“You English are all alike,” she said.  “You hold one at arm’s length.  I suppose there is some one in England for whom you care ­who is out of all this ­away from all the troubles of Russia.  This has nothing to do with your life.  It is only a passing incident ­a few weeks to be forgotten when you go back.  I wonder what he is like ­the man in England.  You need not tell me.  I am not curious in that way.  I am not asking you to tell me.  I am just wondering.  For I know there is some one.  I knew it when I first saw you.  You are so quiet, and settled, and self-contained ­like a person who has played a game and knows for certain that it is lost or won, and does not want to play again.  Your hair is very pretty; you are very pretty, you quiet English girl.  I wonder what you think about behind your steady eyes.”

“I?” said Maggie, with a little laugh.  “Oh ­I think about my dresses, and the new fashions, and parties, and all the things that girls do think of.”

Catrina shook her head.  She looked stubborn and unconvinced.  Then suddenly she changed the conversation.

“Do you like M. de Chauxville?” she asked.

“No.”

“Does Paul like him?”

“I don’t know.”

Catrina looked up for a moment only.  Then her eyes returned to the contemplation of the burning pine-logs.

“I wonder why you will not talk of Paul,” she said, in a voice requiring no answer.

Maggie moved rather uneasily.  She had her back turned toward Catrina.

“I am afraid I am rather a dull person,” she answered.  “I have not much to say about any body.”

“And nothing about Paul?” suggested Catrina.

“Nothing.  We were talking of M. de Chauxville.”

“Yes; I do not understand M. de Chauxville.  He seems to me to be the incarnation of insincerity.  He poses ­even to himself.  He is always watching for the effect.  I wonder what the effect of himself upon himself may be.”

Maggie laughed.

“That is rather complicated,” she said.  “It requires working out.  I think he is deeply impressed with his own astuteness.  If he were simpler he would be cleverer.”

Catrina was afraid of Claude de Chauxville, and, because this was so, she stared in wonder at the English girl, who dismissed him from the conversation and her thoughts with a few careless words of contempt.  Such minds as that of Miss Delafield were quite outside the field of De Chauxville’s influence, while that Frenchman had considerable power over highly strung and imaginative natures.

Catrina Lanovitch had begun by tolerating him ­had proceeded to make the serious blunder of permitting him to be impertinently familiar, and was now exaggerating in her own mind the hold that he had over her.  She did not actually dislike him.  So few people had taken the trouble or found the expediency of endeavoring to sympathize with her or understand her nature, that she was unconsciously drawn toward this man whom she now feared.

In exaggerating the power he exercised over herself she somewhat naturally exaggerated also his importance in the world and in the lives of those around him.  She had imagined him all-powerful; and the first person to whom she mentioned his name dismissed the subject indifferently.  Her own entire sincerity had enabled her to detect the insincerity of her ally.  She had purposely made mention of the weak spot which she had discovered, in order that her observation might be corroborated.  And this Maggie had failed to do.

With the slightest encouragement, Catrina would have told her companion all that had passed.  The sympathy between women is so strong that there is usually only one man who is safe from discussion.  In Catrina’s case that one man was not Claude de Chauxville.  But Maggie Delafield was of different material from this impressionable, impulsive Russian girl.  She was essentially British in her capacity for steering a straight personal course through the shoals and quicksands of her neighbors’ affairs, as also in the firm grip she held upon her own thoughts.  She was by no means prepared to open her mind to the first comer, and in her somewhat slow-going English estimate of such matters Catrina was as yet little more than the first comer.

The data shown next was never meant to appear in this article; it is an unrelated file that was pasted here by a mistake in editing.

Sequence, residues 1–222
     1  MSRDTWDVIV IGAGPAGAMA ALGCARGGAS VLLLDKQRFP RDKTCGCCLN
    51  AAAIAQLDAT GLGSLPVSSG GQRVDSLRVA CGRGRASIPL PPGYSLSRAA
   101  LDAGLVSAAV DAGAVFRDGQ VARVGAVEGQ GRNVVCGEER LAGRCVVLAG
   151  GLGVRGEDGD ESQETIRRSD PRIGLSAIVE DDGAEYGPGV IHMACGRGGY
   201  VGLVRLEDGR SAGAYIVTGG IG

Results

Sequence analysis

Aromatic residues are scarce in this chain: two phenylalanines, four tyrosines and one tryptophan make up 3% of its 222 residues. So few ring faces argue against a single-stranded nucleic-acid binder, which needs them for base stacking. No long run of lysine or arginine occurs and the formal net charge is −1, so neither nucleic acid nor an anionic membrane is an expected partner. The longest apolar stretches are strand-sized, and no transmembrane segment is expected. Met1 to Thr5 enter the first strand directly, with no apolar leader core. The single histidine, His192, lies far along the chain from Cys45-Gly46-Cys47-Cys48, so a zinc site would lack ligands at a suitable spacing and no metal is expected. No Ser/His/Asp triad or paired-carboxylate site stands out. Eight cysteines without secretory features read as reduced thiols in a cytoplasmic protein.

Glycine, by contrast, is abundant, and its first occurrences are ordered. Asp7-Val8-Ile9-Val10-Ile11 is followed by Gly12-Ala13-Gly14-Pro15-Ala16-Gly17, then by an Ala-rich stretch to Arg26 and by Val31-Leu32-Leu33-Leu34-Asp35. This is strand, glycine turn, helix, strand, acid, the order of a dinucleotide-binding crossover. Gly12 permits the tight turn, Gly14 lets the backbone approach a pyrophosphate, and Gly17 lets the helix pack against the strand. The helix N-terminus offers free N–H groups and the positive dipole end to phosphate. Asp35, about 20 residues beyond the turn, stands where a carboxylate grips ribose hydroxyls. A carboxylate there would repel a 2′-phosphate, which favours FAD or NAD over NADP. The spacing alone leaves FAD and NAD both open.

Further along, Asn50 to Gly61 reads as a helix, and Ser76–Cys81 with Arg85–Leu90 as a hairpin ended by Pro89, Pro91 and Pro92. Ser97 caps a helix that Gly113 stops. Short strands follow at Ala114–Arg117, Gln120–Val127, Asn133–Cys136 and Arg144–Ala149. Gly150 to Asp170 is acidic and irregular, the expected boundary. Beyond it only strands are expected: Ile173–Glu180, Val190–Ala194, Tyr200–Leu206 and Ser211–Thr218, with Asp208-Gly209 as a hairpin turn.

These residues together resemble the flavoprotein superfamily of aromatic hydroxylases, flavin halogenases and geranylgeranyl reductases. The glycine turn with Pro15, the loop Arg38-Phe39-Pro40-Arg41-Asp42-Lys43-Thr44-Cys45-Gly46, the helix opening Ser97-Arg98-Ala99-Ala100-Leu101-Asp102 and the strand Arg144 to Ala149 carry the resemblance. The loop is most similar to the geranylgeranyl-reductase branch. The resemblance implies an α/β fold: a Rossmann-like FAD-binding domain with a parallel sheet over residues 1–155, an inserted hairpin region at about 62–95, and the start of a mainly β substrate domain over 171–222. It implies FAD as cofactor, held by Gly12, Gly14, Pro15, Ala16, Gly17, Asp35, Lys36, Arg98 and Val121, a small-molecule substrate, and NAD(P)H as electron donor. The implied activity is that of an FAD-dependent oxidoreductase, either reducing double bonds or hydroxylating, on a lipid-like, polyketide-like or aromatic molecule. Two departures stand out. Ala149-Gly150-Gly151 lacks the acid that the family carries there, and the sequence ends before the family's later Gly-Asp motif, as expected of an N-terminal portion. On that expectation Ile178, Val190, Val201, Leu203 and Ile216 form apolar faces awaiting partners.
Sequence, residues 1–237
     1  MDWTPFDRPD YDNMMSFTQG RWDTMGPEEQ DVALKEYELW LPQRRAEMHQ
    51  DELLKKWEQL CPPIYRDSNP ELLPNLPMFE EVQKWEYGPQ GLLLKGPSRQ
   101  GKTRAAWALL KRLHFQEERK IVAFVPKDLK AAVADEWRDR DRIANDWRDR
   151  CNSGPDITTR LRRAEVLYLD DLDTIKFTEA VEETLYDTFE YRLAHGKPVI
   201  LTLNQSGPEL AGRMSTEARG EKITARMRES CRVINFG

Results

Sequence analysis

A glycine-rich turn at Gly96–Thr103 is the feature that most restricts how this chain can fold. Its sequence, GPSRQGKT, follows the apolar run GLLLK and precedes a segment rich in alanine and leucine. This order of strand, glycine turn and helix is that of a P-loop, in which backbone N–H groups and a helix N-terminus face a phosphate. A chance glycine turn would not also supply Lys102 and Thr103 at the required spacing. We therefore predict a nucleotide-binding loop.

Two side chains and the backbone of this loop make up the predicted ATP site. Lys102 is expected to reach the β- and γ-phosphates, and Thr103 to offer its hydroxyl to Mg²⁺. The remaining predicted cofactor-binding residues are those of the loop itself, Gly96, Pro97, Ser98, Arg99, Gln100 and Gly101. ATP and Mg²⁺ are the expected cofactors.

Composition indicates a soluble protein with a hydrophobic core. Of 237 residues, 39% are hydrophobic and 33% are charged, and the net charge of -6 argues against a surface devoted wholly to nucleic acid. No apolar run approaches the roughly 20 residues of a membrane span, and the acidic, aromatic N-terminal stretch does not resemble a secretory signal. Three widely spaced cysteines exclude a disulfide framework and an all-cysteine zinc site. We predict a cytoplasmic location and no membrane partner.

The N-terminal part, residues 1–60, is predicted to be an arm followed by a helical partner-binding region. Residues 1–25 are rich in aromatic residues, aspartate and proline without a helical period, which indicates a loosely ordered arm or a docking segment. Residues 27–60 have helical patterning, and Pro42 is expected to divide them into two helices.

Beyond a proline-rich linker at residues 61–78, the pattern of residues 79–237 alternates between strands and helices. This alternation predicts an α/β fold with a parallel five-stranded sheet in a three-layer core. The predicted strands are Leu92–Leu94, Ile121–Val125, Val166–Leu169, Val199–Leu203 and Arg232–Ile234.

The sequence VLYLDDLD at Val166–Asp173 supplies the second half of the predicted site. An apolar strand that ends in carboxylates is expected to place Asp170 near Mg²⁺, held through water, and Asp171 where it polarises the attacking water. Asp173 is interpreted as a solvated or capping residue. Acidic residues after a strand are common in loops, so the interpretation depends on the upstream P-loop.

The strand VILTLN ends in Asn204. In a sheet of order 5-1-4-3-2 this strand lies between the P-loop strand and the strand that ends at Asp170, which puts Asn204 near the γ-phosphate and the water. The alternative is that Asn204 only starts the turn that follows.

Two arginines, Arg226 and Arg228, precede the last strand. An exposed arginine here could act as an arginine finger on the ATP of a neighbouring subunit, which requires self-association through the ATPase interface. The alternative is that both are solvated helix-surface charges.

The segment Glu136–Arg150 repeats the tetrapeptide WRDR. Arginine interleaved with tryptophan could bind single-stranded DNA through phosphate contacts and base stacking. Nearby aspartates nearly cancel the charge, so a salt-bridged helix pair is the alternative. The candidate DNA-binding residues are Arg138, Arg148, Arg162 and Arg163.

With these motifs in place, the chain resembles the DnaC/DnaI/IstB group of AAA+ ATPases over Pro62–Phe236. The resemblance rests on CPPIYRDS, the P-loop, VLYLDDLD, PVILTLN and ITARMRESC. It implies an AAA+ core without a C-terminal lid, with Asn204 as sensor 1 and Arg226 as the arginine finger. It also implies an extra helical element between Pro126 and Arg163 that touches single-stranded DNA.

She changed the subject, and they talked for some time on indifferent topics ­such topics as have an interest for girls; and who are we that we may despise them?  We jeer very grandly at girls’ talk, and promptly return to the discussion of our dogs and pipes and clothing.

But Catrina was not happy under this judicious treatment.  She had no one in the world to whom she could impart a thousand doubts and questions ­a hundred grievances and one great grief.  And it was just this one great grief of which Maggie dreaded the mention.  She was quite well aware of its existence ­had been aware of it for some time.  Karl Steinmetz had thrown out one or two vague hints; everything pointed to it.  Maggie could hardly be ignorant of the fact that Catrina had grown to womanhood loving Paul.

A score of times Catrina approached the subject, and with imperturbable steadfastness Maggie held to her determination that Paul was not to be discussed by them.  She warded, she evaded, she ignored with a skill which baffled the simple Russian.  She had a hundred subterfuges ­a hundred skilful turns and twists.  Where women learn these matters, Heaven only knows!  All our experience of the world, our falls and stumbles on the broken road of life, never teach us some things that are known to the veriest schoolgirl standing on the smoother footpath that women tread.

At last Catrina rose to go.  Maggie rose also.  Women are relentless where they fight for their own secrets.  Maggie morally turned Catrina out of the room.  The two girls stood looking at each other for a moment.  They had nothing in common.  The language in which they understood each other best was the native tongue of neither.  Born in different countries, each of a mixed race with no one racial strain in common, neither creed, nor education, nor similarity of thought had aught to draw them together.  They looked at each other, and God’s hand touched them.  They both loved the same man.  They did not hate each other.

“Have you every thing you want?” asked Catrina.

The question was startling.  Catrina’s speech was ever abrupt.  At first Maggie did not understand.

“Yes, thanks,” she answered.  “I am very tired.  I suppose it is the snow.”

“Yes,” said Catrina mechanically; “it is the snow.”

She went toward the door, and there she paused.

“Does Paul love her?” she asked abruptly.

Maggie made no answer; and, as was her habit, Catrina replied to her own question.

“You know he does not ­you know he does not!” she said.

Then she went out, without waiting for an answer, closing the door behind her.  The closed door heard the reply.

“It will not matter much,” said Maggie, “so long as he never finds it out.”